Maldives’ Presidential Election: A Dawn for Change
Photo Credit: Reuters
By Rishi Gupta

Maldives’ Presidential Election: A Dawn for Change

Oct. 01, 2018  |     |  0 comments


Amidst political turmoil and deadlock, Maldives voted in its third democratic election on September 23, 2018. An island nation with a population of 450,000 people, Maldives has been a political battleground for the last eight years. While a number of political figures have been imprisoned, many of them have escaped the country in a search to garner international support in restoring the democratic structure of the country.


The 2018 Presidential election is historical and the clouds of uncertainty had loomed large over its peaceful conduct. Despite these fears, opposition leader Ibrahim Solih secured 58.3 percent against President Abdul Yameen — a strongman politician who conceded defeat with 41.7 percent vote share. Solih was the joint-presidential candidate for an opposition alliance of the Maldivian Democratic Party, the Jumhooree Party and the Adhaalath Party. This was the first time that any candidate had crossed the 50-percent vote mark.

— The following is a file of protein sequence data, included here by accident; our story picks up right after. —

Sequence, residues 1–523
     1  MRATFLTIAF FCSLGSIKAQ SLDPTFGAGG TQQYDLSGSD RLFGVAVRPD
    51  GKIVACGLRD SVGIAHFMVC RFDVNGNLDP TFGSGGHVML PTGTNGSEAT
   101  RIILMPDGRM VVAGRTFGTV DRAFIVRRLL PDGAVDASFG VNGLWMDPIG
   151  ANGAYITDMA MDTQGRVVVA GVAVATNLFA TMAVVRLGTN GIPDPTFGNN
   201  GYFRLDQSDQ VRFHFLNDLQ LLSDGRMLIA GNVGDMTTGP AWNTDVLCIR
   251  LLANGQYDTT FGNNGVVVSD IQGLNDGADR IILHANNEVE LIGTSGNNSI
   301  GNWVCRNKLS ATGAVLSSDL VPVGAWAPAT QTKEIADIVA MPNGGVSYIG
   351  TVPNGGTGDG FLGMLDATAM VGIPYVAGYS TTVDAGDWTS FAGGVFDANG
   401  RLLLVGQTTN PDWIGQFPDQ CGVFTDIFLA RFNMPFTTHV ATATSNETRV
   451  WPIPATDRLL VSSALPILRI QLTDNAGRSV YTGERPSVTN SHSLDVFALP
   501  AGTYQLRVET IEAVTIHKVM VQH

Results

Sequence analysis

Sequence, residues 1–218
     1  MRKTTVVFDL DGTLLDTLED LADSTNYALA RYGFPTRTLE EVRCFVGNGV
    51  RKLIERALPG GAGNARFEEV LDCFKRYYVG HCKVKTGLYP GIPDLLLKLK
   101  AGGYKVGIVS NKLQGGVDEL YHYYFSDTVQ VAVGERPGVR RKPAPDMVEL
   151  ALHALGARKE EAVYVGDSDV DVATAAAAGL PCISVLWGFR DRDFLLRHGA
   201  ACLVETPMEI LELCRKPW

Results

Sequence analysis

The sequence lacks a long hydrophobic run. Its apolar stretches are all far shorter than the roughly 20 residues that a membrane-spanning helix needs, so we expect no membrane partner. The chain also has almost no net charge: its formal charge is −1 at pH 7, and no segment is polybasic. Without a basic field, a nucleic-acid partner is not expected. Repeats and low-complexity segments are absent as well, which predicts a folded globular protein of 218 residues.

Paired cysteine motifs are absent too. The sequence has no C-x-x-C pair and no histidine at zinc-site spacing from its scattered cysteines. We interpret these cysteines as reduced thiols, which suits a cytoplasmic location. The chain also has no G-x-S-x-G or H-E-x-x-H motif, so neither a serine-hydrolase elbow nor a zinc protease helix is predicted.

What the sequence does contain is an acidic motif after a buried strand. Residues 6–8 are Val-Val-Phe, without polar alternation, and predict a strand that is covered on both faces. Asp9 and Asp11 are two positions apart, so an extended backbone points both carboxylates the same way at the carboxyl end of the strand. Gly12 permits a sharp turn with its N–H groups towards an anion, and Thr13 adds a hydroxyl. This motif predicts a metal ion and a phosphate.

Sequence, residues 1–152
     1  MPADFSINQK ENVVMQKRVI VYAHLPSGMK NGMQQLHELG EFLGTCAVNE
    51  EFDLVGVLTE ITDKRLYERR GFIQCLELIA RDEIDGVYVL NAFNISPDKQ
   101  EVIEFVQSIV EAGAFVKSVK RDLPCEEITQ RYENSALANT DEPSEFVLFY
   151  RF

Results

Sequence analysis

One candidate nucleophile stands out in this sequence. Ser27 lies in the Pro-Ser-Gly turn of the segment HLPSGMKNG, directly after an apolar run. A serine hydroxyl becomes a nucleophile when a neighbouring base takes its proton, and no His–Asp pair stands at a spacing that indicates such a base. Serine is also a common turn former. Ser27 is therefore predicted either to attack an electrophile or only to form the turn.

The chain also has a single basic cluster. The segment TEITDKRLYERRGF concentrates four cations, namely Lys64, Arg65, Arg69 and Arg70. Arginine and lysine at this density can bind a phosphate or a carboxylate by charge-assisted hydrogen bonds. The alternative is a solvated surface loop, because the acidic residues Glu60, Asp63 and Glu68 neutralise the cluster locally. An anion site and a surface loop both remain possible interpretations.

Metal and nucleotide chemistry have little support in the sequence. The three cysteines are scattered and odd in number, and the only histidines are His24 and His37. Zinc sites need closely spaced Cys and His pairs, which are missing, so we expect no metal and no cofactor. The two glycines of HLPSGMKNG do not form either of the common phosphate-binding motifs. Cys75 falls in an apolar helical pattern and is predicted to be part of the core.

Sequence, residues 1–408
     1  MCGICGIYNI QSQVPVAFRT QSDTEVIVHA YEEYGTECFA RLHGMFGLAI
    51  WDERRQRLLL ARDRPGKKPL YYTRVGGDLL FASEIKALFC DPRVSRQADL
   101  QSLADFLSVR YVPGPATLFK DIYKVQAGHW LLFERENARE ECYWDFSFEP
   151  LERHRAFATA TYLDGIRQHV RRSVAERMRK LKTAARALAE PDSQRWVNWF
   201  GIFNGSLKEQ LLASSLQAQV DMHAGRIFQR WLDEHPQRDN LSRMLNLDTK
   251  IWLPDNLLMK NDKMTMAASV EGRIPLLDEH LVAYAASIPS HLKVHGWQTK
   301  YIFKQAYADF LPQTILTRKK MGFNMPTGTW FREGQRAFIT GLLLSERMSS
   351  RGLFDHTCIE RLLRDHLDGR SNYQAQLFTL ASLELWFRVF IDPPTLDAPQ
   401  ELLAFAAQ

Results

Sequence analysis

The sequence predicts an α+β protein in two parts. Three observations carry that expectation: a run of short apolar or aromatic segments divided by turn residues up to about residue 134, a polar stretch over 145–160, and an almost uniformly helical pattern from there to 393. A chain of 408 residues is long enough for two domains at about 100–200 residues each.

As Solih managed a remarkable lead against Yameen, many feared a coup d’état would be conducted by the supporters of President Yameen on the very night of voting in Maldives. It was not until the televised press briefing by Yameen on September 24 when he conceded defeat and welcomed the victory of Solih. Nevertheless, Yameen in his statement made it clear that “The President … would continue to serve until the end of the current Presidential term and work to ensure a smooth transition in the interim.” As per the article 301 of the 2008 Constitution, the President-elect can only take oath on or after November 11. Hence, it remains to be seen whether the President-elect will have a smooth ride to power as there are ample days before he can take over.